New York City Council Header
File #: Res 1042-2019    Version: * Name: Commemorating the quadricentennial of the arrival of Africans in Hampton, Virginia in 1619, and recognizing the contributions of Africans and African Americans to the growth, development, prosperity and culture of the US of America.
Type: Resolution Status: Committee
Committee: Committee on Cultural Affairs, Libraries and International Intergroup Relations
On agenda: 9/12/2019
Enactment date: Law number:
Title: Resolution commemorating the quadricentennial of the arrival of Africans in Hampton, Virginia in 1619, and recognizing the contributions of Africans and African Americans to the growth, development, prosperity and culture of the United States of America.
Sponsors: Fernando Cabrera , Robert E. Cornegy, Jr.
Council Member Sponsors: 2
Attachments: 1. Res. No. 1042, 2. September 12, 2019 - Stated Meeting Agenda with Links to Files, 3. Hearing Transcript - Stated Meeting 9-12-19, 4. Minutes of the Stated Meeting - September 12, 2019

Res. No. 1042

 

Resolution commemorating the quadricentennial of the arrival of Africans in Hampton, Virginia in 1619, and recognizing the contributions of Africans and African Americans to the growth, development, prosperity and culture of the United States of America.

 

By Council Members Cabrera and Cornegy

 

Whereas, The trans-Atlantic slave trade was the largest movement of people in history; historians estimate that during the slave trade to the “New World” or, the Americas, more than 12.5 million people were abducted from Africa between 1525 and 1866 and, of those who we forced on the treacherous journey, only 10.7 million survived the Middle Passage; and

Whereas, Of the 10.7 million captive Africans, an estimated 388,000 disembarked in North America while the rest were brought to the Caribbean and South America; and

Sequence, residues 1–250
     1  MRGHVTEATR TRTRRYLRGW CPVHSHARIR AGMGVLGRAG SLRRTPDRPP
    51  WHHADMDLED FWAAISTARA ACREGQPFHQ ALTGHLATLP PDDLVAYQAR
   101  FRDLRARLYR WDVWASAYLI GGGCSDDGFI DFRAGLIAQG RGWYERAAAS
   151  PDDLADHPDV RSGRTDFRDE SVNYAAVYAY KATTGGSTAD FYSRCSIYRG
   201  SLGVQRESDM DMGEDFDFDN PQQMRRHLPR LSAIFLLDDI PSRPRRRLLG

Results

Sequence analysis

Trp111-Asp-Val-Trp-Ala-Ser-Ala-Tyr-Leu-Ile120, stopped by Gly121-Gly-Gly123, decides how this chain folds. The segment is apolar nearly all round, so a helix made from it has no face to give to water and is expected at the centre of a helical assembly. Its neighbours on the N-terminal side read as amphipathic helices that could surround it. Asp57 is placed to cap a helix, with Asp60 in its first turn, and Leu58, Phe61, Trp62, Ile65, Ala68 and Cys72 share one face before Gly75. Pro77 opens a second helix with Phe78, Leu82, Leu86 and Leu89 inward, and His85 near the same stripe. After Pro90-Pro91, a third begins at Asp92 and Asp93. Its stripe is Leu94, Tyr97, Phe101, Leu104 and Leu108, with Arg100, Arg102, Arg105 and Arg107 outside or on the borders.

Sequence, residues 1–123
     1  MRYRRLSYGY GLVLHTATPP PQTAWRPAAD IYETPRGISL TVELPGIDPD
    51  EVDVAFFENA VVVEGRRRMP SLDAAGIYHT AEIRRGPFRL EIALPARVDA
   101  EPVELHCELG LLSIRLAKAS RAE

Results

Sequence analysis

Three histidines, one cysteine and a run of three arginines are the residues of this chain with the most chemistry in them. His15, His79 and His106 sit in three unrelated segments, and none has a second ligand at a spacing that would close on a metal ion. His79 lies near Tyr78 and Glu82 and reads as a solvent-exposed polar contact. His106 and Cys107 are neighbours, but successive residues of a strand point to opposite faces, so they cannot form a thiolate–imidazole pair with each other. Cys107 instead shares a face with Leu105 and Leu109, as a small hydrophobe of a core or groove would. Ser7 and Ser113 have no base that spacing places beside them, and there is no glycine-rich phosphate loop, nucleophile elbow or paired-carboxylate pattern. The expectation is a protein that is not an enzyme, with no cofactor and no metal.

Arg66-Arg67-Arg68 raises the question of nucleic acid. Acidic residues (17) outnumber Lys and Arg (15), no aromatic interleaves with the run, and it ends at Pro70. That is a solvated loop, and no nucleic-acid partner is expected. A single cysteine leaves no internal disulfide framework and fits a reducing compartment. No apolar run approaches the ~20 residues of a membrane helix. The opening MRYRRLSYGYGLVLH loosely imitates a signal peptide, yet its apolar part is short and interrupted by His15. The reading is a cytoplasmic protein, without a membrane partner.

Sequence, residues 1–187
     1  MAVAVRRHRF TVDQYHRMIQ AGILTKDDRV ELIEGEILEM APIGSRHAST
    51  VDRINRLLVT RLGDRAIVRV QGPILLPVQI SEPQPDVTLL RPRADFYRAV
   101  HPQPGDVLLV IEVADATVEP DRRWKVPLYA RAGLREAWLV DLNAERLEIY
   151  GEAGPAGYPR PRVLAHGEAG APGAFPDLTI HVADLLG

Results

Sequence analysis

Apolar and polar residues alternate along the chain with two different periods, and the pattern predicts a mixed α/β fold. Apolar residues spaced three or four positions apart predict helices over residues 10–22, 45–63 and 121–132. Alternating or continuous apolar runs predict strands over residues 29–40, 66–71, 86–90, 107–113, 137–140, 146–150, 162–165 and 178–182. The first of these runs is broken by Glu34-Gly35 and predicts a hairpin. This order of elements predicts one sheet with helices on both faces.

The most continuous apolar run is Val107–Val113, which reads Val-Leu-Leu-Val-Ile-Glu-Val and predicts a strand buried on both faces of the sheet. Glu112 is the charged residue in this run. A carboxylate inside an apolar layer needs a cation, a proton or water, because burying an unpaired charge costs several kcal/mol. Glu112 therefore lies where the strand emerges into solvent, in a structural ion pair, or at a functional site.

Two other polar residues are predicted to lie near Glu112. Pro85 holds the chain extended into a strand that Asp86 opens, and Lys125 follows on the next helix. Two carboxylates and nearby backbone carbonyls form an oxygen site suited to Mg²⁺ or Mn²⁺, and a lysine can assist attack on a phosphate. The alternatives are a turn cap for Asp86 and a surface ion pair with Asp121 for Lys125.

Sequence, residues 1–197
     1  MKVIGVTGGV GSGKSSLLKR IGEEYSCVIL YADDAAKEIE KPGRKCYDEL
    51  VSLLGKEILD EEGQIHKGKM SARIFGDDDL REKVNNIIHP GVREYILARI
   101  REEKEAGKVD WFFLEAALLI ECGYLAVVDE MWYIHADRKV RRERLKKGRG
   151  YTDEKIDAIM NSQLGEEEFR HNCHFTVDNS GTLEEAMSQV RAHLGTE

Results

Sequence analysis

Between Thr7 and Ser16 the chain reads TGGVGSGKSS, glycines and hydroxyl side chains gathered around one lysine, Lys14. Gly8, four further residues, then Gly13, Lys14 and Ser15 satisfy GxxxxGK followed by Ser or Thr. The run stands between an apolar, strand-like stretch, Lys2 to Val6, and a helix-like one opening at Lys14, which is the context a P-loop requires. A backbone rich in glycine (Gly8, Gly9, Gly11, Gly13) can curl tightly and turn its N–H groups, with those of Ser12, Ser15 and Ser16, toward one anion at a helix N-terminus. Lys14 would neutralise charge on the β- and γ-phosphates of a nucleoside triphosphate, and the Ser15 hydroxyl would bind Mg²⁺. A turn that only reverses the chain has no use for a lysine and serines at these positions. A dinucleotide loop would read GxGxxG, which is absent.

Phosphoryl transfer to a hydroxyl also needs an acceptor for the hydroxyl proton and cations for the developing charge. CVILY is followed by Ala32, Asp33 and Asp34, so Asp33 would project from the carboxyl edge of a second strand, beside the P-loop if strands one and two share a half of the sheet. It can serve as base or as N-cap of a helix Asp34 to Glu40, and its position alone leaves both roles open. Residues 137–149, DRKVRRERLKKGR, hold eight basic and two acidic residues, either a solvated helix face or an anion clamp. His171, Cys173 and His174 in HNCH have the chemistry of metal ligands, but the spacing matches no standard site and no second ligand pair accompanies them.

Whereas, In late August 1619, between 20 and 30 captive Africans landed at Point-Comfort, now Fort Monroe, in the English colony of what would become the state of Virginia; and

Whereas, Although Africans first arrived in Americas in the late 16th century, the arrival of what historical records note as “20 and odd negroes” in today’s Hampton, Virginia in 1619 may mark the beginning of chattel slavery in the 13 colonies that became the United States (U.S.); and

Whereas, While the transition of bound African laborers to a legalized system of chattel slavery in the U.S. happened over several decades, 1619 is widely considered to be the beginning of race-based bondage that has defined the African American experience; and

Whereas, From sugar and its products, to tobacco, rice and indigo during the colonial period, and cotton during the 18th and 19th centuries, early American plantation economies were built largely from the brutal enslavement of Africans; and

Whereas, By 1850, of the 2.5 million enslaved Black people laboring in agriculture, 1.8 million worked on cotton plantations; and

Whereas, In the decades between the American Revolution and the Civil War, slavery-as a source of cotton that fed Rhode Island’s mills and the British textile industry, which grew the shipping industry, and as a source of wealth for banks in New York City (NYC) as well as the markets that inspired Massachusetts manufacturers-proved indispensable to national economic development; and

Whereas, The estimated value of each slave as part of an estate, was calculated as a source of tax revenue for local and state governments, which also levied taxes on slave transactions; and

Whereas, Each plantation economy was part of a larger national and international political economy, which allowed the U.S. to be competitive for economic leadership in the global political economy; and

Whereas, While the U.S. Congress banned the importation of slaves in 1808, by 1860, the nation’s Black population grew from 400,000 to 4.4 million, of whom 3.9 million were enslaved; and

Whereas, In 1863, President Abraham Lincoln issued the Emancipation Proclamation, which declared “that all persons held as slaves” within the rebellious states free and, as part of the Union’s strategy for military victory, announced the acceptance of Black men into the Union Army and Navy; and

Whereas, By the end of the Civil War, an estimated 179,000 Black men-about ten percent of the Union forces-served as soldiers in the Army, while another 19,000 served in the Navy; nearly 40,000 Black soldiers died over the course of the war; and